And liquor was often blended, once again. Perhaps Port Hope whisky was an early blended Canadian whisky, a mix of highly refined whisky with heavy pot still or similar (low distillation proof) whisky.

While it would be interesting to know the grain bill used on Cavan Street, in truth the mash bill is probably less important than the rectification. Whisky was not aged much before the 1860s. When drank new there probably was not much difference between a corn mash, rye mash, or oats mash spirit, or mixture.*

What distinguished the whisky of Port Hope was probably some factor of rectification, perhaps even a flavouring of some kind. We continue our investigations, see Part III.

N.B. This Google View of Cavan Street, Port Hope today shows the river alongside and plots of land that look like footprints of 19th century distilleries…

Note re image: The image above was sourced here, from the invaluable Ontario Historical Plaques site, a website of Alan L. Brown that chronicles in image Ontario’s historical plaques. Copyright in the image belongs we believe to Mr. Wayne Adam and is used here for educational and historical purposes only. All feedback welcomed.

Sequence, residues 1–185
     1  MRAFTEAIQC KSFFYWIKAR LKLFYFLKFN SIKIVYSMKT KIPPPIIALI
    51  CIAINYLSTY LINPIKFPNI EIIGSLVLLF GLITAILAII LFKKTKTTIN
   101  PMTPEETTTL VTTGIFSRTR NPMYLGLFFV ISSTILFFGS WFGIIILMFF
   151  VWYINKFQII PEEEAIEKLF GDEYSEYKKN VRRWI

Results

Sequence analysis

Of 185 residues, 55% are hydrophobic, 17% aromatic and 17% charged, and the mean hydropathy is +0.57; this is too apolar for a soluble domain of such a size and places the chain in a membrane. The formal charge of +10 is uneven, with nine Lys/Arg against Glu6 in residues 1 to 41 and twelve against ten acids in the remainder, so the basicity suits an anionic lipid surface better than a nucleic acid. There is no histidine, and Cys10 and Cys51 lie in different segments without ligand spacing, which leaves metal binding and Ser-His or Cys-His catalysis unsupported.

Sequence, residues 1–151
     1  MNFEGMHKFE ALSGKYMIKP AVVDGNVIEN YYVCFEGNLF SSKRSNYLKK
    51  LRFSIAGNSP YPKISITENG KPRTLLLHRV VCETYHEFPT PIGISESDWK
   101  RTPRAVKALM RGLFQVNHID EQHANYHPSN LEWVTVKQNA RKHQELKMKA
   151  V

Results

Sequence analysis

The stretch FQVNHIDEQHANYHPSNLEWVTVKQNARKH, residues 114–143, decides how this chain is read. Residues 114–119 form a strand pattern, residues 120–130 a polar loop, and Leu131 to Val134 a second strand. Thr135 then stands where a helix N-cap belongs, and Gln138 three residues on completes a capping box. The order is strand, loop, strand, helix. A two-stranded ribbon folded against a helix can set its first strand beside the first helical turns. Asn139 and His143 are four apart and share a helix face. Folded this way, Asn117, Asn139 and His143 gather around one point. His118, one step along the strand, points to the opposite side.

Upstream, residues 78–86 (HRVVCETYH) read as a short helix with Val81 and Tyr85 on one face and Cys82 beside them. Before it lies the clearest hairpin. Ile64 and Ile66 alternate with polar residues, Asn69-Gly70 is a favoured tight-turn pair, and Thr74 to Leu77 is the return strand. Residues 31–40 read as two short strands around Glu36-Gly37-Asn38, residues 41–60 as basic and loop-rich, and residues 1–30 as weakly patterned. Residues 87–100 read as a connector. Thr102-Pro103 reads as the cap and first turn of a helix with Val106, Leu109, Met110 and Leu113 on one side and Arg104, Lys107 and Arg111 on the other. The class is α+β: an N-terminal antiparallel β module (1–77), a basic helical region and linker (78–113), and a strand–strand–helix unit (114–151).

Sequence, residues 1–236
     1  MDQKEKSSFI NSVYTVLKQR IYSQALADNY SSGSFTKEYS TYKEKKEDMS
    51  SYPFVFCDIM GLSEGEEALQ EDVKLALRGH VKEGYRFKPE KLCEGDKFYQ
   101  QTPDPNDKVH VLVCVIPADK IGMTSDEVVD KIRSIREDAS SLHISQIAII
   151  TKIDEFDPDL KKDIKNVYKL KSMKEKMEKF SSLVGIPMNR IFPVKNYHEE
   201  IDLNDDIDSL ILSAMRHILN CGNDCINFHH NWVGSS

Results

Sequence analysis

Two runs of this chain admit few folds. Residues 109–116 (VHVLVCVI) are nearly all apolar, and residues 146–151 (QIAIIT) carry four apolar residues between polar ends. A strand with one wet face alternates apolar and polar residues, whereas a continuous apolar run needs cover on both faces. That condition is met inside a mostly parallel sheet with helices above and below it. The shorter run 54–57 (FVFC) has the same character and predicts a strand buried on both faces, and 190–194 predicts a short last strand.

*For what it’s worth in 1851 William H. Smith, in his historical study of Canada West, albeit speaking generally referred to “rye” as the grain from which whisky was made. We would deduce from this and other evidence to date that Cavan Street whisky also employed rye as its base. See his comment here.









2 thoughts on “The Cachet of Port Hope Whisky, Part II

  1. Great series! May I add, that as a new spirit there is actually a hugely noticeable difference between grain types. Rye and Corn are very green grass/spice while wheat is usually earthy with a bit of pastry frosting, oats are the one I find interesting as I use them a lot at Spirits Of French Lick and did at home as well. They add a lot of mouthfeel and distill and smell exactly as they taste, sweet, sometimes buttery, or even a little like Honey Nut Cheerios to be honest. If they were using oats in the mashbill it definitely would have been noticeable and may have contributed to the reputation.